For time domain measurements, the normal practice is to sample at 10 X the upper cutoff frequency. And since most control applications are time domain in nature, this is a good rule to follow. But even 10 X the cutoff frequency can result in a relatively low number of data points. With an anti-aliasing filter set with a cutoff frequency of 0.2 Hz, this is only 2 sps. This fact can be used to allow a DA system to process more variables or store data over a longer period of time, or it could allow the user to select a lower speed A/D converter. Once again, there are tradeoffs that must be engineered.
Analog signals acquired in the real world usually come accompanied by noise and/or unwanted dynamic content. A thermocouple measurement may have an occasional noise spike induced into the signal from a nearby contactor. A squirrel-cage blower or piston compressor will add impulses to flow and pressure measurements. Gear train torque measurements will include impulses caused by each tooth as it engages its opposite member.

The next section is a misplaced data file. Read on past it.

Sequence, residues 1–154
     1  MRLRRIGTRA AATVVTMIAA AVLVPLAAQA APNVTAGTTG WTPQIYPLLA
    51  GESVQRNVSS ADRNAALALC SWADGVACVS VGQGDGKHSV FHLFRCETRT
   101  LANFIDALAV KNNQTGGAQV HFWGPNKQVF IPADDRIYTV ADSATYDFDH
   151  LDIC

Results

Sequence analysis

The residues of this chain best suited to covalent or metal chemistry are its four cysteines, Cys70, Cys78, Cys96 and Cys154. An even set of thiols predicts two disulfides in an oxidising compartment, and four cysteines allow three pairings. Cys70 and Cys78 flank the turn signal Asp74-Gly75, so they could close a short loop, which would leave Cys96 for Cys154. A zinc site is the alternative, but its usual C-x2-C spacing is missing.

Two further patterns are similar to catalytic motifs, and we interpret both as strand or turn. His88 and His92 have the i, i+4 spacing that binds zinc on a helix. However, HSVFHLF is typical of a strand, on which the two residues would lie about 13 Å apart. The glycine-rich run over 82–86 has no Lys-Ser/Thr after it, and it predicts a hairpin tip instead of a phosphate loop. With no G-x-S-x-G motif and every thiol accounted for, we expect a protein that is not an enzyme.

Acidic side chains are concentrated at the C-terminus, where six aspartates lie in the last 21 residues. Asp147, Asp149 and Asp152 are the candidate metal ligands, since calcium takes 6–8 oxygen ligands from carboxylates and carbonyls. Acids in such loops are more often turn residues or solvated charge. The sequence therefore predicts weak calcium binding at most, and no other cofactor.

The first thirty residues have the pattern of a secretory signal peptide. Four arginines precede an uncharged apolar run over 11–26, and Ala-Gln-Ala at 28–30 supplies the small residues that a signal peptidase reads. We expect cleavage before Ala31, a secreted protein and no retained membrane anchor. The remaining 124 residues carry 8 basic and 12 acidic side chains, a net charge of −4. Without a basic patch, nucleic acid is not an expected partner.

In all these cases, and in virtually every physical measurement, noise and unwanted dynamic content must be identified and filtered out before the A/D conversion takes place. Anti-aliasing is not complicated but it does take engineering. And engineering requires careful analysis of the physical measurement's useful bandwidth and selection of all aspects of the measurement system to faithfully record the data.
Dale Lankford is Principal Engineer at Daytronic Corporation, Dayton, OH , www.daytronic.com